business security


Internet Pioneers, Security Experts Send Letter to Congress Blasting SOPA

A group of engineers, networking specialists, security experts and other specialists deeply involved with the Internet’s development and growth have sent a letter to lawmakers criticizing the highly controversial SOPA and PIPA bills and imploring them not to pass the legislation, which they say would stifle innovation and “threaten engineers who build Internet systems or offer services that are not readily and automatically compliant with censorship actions by the U.S. government.”


Researchers have known for years that virus writers and attackers pay close attention to the analyses researchers do of their work, and it appears that the Duqu authors are no exception. Shortly after the first public reports about Duqu emerged in early autumn, the crew behind Duqu wiped out all of the command-and-control servers that had been in use up to that point, including some that had been used since 2009.

Apple has informed developers that, as of March 2012, any app submitted to the Mac App Store will have to include a sandbox. The move is an intriguing one from Apple, which has kept a low profile on security and typically handles Mac security on its own.

The Poison Ivy malware kit is old. It was first seen in 2005, which makes it about 762 years old in Internet years. But that doesn’t mean it’s no longer useful, as evinced by the data collected by Microsoft in a new report on the tool, which shows that it is still in active use and is turning up on thousands of infected PCs.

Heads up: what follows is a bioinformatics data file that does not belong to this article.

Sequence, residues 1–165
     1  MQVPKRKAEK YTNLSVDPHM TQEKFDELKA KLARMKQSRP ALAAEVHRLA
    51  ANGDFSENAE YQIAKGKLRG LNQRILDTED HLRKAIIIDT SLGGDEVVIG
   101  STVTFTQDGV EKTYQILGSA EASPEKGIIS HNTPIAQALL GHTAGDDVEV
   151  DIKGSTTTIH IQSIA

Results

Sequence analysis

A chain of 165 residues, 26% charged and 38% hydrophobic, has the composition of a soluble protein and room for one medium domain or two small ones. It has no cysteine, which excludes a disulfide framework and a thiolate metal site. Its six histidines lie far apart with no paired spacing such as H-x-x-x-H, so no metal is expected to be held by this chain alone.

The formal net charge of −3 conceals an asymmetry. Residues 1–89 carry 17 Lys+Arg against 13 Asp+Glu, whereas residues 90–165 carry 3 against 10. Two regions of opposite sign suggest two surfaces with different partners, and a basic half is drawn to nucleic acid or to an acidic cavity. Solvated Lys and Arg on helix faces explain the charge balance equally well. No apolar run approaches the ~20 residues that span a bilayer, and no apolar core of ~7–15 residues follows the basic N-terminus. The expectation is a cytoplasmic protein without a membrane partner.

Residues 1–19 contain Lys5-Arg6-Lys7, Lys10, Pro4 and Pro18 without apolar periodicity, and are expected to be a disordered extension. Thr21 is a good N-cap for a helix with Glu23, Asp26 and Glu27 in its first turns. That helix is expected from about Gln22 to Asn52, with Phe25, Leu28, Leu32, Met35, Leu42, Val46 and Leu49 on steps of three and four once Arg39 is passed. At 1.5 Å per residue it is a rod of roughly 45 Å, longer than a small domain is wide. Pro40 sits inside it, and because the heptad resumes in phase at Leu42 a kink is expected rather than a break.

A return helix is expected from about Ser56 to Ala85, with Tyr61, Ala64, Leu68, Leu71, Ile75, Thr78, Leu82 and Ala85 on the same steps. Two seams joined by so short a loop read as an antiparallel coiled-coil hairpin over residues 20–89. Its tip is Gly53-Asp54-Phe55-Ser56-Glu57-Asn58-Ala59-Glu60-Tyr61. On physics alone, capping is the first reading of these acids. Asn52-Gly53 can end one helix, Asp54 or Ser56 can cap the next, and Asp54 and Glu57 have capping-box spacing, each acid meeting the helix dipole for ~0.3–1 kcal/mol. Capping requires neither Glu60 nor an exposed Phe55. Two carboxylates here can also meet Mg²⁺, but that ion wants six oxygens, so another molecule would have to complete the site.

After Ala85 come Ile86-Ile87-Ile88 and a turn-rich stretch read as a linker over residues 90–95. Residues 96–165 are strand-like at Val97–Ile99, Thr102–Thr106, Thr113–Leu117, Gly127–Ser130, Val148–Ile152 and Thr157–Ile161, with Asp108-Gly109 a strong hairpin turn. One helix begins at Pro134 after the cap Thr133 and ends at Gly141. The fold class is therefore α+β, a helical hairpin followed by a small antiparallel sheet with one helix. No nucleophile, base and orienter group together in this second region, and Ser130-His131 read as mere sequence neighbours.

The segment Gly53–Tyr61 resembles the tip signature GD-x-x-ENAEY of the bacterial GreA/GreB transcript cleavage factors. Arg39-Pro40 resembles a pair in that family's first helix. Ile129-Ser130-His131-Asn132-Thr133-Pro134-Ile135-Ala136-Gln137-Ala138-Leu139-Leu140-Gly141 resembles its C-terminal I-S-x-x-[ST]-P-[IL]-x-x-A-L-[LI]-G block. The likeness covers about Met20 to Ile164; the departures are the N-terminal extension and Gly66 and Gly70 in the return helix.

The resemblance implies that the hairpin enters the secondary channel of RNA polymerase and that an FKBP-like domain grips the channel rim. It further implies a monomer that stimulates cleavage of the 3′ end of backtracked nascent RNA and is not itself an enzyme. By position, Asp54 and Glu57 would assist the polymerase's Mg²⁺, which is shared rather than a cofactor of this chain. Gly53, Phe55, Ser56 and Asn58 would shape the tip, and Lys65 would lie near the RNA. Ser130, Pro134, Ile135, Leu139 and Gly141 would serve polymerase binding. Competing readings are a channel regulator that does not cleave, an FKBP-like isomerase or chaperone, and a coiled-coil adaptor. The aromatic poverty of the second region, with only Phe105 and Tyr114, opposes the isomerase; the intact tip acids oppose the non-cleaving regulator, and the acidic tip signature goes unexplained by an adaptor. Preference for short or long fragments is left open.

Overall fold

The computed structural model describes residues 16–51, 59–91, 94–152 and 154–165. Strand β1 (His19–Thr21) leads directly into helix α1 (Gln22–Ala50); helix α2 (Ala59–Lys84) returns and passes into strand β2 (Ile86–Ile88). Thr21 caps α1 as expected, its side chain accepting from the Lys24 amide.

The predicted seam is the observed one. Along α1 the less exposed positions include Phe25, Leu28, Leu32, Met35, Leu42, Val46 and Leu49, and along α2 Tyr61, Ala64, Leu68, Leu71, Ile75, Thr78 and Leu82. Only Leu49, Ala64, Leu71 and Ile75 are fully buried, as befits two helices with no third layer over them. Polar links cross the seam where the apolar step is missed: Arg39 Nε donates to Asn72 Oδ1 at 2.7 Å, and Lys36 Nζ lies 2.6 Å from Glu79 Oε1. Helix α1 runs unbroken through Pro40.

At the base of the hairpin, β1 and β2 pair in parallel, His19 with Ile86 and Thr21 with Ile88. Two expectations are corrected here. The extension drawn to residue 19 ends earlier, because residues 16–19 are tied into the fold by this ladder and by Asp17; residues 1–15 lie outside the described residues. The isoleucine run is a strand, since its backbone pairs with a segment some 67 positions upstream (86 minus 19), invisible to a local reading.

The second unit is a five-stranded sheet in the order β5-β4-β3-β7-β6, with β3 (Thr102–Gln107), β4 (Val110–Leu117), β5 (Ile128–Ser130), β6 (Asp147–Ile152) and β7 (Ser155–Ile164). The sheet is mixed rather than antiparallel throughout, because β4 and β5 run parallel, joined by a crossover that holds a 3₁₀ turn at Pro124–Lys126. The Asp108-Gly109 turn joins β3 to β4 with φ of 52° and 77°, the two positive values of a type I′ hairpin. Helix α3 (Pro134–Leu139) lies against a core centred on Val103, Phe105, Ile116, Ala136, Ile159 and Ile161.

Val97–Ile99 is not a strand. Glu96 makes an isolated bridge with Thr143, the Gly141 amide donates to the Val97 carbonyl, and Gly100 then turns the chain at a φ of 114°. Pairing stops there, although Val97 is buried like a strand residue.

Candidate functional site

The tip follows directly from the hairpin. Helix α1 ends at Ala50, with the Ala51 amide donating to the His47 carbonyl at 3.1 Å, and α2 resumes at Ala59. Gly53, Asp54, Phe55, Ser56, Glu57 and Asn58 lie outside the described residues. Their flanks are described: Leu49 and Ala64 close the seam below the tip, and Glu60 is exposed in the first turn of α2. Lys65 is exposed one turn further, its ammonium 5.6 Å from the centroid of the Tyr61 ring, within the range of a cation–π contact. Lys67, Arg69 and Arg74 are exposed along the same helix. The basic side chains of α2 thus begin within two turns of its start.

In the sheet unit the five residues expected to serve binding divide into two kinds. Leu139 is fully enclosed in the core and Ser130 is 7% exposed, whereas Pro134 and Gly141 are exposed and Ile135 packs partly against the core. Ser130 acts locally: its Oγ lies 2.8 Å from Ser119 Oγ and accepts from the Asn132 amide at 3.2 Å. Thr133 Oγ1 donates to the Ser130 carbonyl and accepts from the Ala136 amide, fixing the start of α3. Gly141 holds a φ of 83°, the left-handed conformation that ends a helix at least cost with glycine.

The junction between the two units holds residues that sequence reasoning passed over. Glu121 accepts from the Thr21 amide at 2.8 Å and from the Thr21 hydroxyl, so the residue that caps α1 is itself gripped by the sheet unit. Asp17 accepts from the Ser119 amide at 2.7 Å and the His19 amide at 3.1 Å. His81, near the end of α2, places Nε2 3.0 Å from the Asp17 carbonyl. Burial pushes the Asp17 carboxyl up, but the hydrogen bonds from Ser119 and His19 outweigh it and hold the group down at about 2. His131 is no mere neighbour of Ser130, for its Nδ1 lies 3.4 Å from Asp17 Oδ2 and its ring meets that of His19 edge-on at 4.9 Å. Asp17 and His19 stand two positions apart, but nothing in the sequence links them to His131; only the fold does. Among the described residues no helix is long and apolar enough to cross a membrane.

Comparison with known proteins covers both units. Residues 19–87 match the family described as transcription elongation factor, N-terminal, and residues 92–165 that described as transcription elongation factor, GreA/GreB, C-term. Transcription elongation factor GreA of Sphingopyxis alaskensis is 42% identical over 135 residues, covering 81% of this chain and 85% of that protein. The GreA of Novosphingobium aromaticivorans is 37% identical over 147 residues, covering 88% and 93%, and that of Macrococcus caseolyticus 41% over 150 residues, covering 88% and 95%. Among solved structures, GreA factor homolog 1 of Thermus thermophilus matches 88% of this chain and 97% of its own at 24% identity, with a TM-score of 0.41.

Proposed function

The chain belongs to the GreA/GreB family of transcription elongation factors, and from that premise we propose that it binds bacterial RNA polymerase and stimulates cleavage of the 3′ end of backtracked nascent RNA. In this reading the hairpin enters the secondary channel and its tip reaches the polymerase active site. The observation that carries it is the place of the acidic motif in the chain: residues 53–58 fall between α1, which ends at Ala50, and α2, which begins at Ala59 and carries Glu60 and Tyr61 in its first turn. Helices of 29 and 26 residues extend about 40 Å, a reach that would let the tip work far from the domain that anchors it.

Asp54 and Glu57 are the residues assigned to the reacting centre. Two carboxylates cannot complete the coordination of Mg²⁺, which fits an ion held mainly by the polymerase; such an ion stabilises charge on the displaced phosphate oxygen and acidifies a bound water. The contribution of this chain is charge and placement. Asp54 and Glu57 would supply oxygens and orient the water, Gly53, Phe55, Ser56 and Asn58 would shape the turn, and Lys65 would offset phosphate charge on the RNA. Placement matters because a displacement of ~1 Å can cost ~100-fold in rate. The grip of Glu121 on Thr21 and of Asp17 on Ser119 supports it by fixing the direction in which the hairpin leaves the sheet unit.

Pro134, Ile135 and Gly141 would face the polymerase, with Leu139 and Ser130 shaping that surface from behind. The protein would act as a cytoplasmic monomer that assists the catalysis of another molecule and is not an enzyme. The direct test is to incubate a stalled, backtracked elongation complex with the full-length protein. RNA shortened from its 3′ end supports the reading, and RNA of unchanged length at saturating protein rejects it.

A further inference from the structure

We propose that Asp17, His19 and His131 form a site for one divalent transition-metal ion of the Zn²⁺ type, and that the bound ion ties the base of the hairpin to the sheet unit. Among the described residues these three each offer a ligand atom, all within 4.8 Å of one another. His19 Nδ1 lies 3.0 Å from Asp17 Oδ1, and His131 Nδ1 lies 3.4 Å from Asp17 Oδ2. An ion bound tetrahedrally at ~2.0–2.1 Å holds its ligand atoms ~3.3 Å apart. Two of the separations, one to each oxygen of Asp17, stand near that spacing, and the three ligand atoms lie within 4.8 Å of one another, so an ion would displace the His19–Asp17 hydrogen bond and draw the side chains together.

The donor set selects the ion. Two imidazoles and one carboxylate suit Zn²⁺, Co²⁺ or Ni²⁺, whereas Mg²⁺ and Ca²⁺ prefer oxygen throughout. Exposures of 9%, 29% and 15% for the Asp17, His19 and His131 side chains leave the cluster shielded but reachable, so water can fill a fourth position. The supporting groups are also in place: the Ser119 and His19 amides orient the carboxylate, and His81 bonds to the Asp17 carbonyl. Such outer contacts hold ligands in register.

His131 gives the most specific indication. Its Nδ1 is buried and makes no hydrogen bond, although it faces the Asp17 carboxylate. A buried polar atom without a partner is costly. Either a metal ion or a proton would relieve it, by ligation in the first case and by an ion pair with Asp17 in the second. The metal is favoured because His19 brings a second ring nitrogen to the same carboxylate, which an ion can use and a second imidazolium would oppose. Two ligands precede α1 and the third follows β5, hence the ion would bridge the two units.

The Linux Foundation has released a document outlining ways in which the UEFI secure boot specification can be used to support the installation of Linux and other open operating systems on UEFI-enabled hardware. As long as hardware vendors set up their systems in the proper way, UEFI should be no obstacle to using Linux or other alternate operating systems on forthcoming systems, they say.

WASHINGTON–The U.S. government has a lot of money. Not as much as it used to have, of course, but still, it has a lot. It also has a lot of computers and servers and routers and other things that move and store data. In fact, they have so many that they don’t really know what all of them are doing at any given time. That’s turning into a fairly thorny security problem for some of the country’s more vital networks, and even the most well-funded agencies are having a hard time addressing it.

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